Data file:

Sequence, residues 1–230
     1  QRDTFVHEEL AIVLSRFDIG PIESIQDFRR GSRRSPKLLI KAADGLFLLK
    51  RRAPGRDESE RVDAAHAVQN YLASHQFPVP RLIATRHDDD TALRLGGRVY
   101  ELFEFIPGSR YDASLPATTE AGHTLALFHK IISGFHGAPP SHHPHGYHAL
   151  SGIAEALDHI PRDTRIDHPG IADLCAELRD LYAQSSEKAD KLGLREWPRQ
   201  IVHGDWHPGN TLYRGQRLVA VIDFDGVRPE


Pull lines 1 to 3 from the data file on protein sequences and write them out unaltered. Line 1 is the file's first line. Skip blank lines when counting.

Sequence, residues 1–230
     1  QRDTFVHEEL AIVLSRFDIG PIESIQDFRR GSRRSPKLLI KAADGLFLLK
    51  RRAPGRDESE RVDAAHAVQN YLASHQFPVP RLIATRHDDD TALRLGGRVY